There’s this article that Atul Gawande wrote for the New Yorker a couple years ago, and it’s so good. I’ve sent it to so many people because everyone knows I’m so obsessed with this place. He basically describes the uniformness of each Cheesecake Factory in every location and really praises the Cheesecake Factory on its management over all of its franchises and says that hospitals should be more like the Cheesecake Factory. There should be very strict regulations, but there should be a lot of different specialties, and they should all be treated in the same way. It’s so interesting. It really does praise the way that the Cheesecake Factory is able to make all these different dishes but not have a lot of money lost on too much food or waste or other things restaurants have to deal with.
I’m really proud of the Cheesecake Factory for having such a good business model.
MA: I eat off the SkinnyLicious a lot. It still tastes good. My brother does not consider it canon, though.
Oh, the other thing about what he’s doing is that his self-imposed rule is that he has to eat over half of the dish for it to count as something he’s eaten. I mean, the dishes are huge. That also was very alluring to me as a child, because I was very overweight as a kid and used to just eat a whole tub of pasta with three chicken breasts and wouldn’t bat an eye. So I try not to eat so much food when I go to the Cheesecake Factory now. But there’s that part of you that’s like, “All I want to do is eat everything that’s here.”
AVC: Or you’re like, “I’ll just get this ahi carpaccio and then I’ll get some cheesecake for dessert.”
MA: Honestly, the ahi carpaccio is great.
I don’t get cheesecake every time I go. I’ve also had the diet cheesecake, and it’s pretty good. But I also went for my birthday and got Adam’s Peanut Butter Cup Fudge Ripple cheesecake, which is just cheesecake with Halloween candy in it—which is unbelievably good.
I’ve memorized most of the dishes at the Cheesecake Factory. There’s a dish called bang-bang chicken and shrimp. And there’s that song now by Ariana Grande and Jessie J. and Nicki Minaj that goes, “bang, bang, into your room.” But every time I hear it, I can only hear, “bang-bang chicken and shrimp,” and I need to somehow sell this to the Cheesecake Factory.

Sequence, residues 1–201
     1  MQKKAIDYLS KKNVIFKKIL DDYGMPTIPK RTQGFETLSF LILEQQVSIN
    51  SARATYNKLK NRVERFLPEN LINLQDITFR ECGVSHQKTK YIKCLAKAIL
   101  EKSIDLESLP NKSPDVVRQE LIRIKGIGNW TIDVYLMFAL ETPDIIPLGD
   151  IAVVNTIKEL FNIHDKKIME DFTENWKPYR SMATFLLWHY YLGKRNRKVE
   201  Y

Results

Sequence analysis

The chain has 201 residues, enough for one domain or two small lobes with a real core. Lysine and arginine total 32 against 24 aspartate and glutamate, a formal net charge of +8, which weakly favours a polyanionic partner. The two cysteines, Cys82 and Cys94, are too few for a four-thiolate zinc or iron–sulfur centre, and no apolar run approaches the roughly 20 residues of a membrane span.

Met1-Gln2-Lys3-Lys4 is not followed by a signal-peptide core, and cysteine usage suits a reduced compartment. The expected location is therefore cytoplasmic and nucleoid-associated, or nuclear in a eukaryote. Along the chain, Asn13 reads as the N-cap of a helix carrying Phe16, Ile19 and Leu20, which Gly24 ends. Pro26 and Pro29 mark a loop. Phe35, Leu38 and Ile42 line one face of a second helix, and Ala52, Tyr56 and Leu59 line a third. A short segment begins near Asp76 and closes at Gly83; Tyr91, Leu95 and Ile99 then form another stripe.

AVC: Maybe this is your chance. Have you tried to get sponsored by the Cheesecake Factory or have you reached out to them at all?
MA: No, I haven’t. Joe Mande, a writer and a comic who I work with, has done some very funny things on official sponsorships over the past year. He basically kept saying LaCroix sponsored him. They liked it first and then they sent him a cease and desist letter. So that was very funny.
I stayed away from Cheesecake Factory a little bit. Maybe I could get a legitimate sponsorship. I’m obviously raving about them.
AVC: Or maybe they’d just send you a $100 gift card in the mail. That’s something.
MA: My brother and I are twins, so we have the same birthday. We always try to out-joke-present each other on our birthday, and a lot of those birthday gifts end up being Cheesecake Factory related. I once got him like a gallon of ranch dressing from the Cheesecake Factory, which you can just buy. They have a lot of fun gifts up at the front. And this year for our birthday I got him a very rare item, which is a black denim jacket that says “Cheesecake Factory five-year employee” on the back. I bought it off eBay and it said you could only get that if you worked there for five years.
I’m pretty sure I’ll get married at the Cheesecake Factory, or at least they’ll cater my wedding.
AVC: You’d at least have your bachelorette party there.
MA: Yeah, I’d have a bachelorette party and go “Cheesecake hopping” and go to like four different locations.
AVC: Have you ever had anything bad at the Cheesecake Factory?
MA: I have personally never had anything bad. I think Alex, my brother, has written down a few, like some egg dish maybe, on the brunch menu, that wasn’t great.
But if you get a Glamburger, you’re going to be happy. I also think Glamburger is one of the funniest nouns. You’re a glamorous movie star ordering a macaroni and cheese Glamburger from the Cheesecake Factory. I also like that it’s called a factory—the least appealing place you could get food.
AVC: The Cheesecake Factory restaurants launched in Beverly Hills, which doesn’t seem like a good place for a factory.
MA: I’ve been to the O.G.—that stands for the “Olive Garden Cheesecake Factory.” No, if that existed, I would poop my pants.
AVC: Have you seen the menu for the original Cheesecake Factory? It’s on the website. It seems very 1978 L.A.
MA: They should offer cleanses. Like a juice cleanse, but a cheesecake cleanse. You could buy a five-day cheesecake cleanse.